It’s hard to imagine that anyone would tell another person to give up on something. It’s even harder to believe that this happened to the artist who drew Weighted Stasis, the figure drawing featured today. It’s by Dan Gheno, author of Figure Drawing Master Class: Lessons in Life Drawing, which is part of a special offer that also includes a one-year subscription to Drawing magazine–an excellent combination of resources. Read his excerpt below on how to train your hand to do what you want it to and achieve your desired results. And if you’re ever told to quit your art, then send the naysayer my way.
Weighted Stasis (2006; colored pencil and white charcoal on toned paper, 24×18) by Dan Gheno. Click here to pin this figure drawing on Pinterest.
Also, there’s still time to enter the Richeson Product Project. In fact, you can enter daily through May 15 for your chance to win free art supplies. Don’t miss your chance–today’s prize alone is valued at $200.
Training Your Hand
by Dan Gheno
How many times have you heard the lament, “I would love to draw and paint–if I had some talent for it.” My response is usually, “You don’t need any talent. You just need to work hard.”
One might be better off not having any talent to start with. Too many people hopelessly fixate on the word “talent.”It is not an easily definable word. Talent is an elusive concept that means many things to many people. It can refer to all aspects of the artistic endeavor, including broad, overarching issues of originality and imagination, and the artist’s ability to organize interesting color and value relationships. But to most people invoking this mysterious word, “talent” simply represents the ability to make the hand do what the eye sees and the brain wants or, to use a technical term, eye-hand coordination.
Many children are born with strong eye-hand coordination. As a kid, I knew young artists of my generation who could draw circles around me. I had so little eye-hand coordination that my more talented friends suggested I give up drawing and find another mode of creativity. Unfortunately, none of those individuals draw anymore. If you are born with great talent and you never had to fight to train your hand, it’s easy to rest on your laurels. As a young artist, it’s hard to know that if you don’t use a talent, you’re condemned to lose it.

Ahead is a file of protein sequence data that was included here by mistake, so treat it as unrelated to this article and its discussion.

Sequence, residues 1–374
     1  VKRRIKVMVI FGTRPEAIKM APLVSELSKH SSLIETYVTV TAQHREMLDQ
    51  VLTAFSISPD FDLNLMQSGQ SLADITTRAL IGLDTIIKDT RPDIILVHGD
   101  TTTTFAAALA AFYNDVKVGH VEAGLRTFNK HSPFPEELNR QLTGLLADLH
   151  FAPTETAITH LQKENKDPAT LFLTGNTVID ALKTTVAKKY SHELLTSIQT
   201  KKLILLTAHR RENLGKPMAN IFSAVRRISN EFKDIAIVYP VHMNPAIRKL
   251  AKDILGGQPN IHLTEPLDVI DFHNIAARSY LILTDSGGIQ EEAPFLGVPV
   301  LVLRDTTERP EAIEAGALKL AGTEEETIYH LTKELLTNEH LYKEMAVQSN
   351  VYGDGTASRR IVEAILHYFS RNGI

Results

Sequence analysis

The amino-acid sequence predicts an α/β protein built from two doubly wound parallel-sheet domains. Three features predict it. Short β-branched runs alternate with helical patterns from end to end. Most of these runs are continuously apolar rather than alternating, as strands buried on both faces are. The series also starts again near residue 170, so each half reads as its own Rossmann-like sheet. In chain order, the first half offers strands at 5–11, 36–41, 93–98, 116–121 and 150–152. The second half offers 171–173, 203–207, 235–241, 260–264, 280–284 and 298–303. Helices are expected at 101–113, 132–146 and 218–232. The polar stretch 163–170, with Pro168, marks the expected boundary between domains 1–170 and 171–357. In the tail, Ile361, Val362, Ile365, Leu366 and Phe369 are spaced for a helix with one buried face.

As a child, I didn’t personally know any adult artists; I looked to the Old Masters for inspiration. I scrutinized Michelangelo’s life with exasperation, noting that he already had strong control of the medium by his teenage years. I used to lie in bed at night and fantasize about entering into a time warp, where I could spend a decade developing my eye-hand coordination, then returning to my life as a child with some manual dexterity amassed. I knew the next-best solution was to practice, day in and day out, for at least an hour or two daily until I gained the control I lacked.
I practiced straight lines and circles, cubes and pyramids, drawing them repeatedly with abysmal results. I soon realized that I needed a new strategy. Taking a page from the many how-to manuals popular at the time, I started to copy body parts from Old Master drawings, anatomy books and expert comic-book artists of the 1950s and 1960s, trying to collect a vocabulary of visual shapes, just as a writer tries to build up a base of useful words and phrases. ~D.G.
Yours in art,
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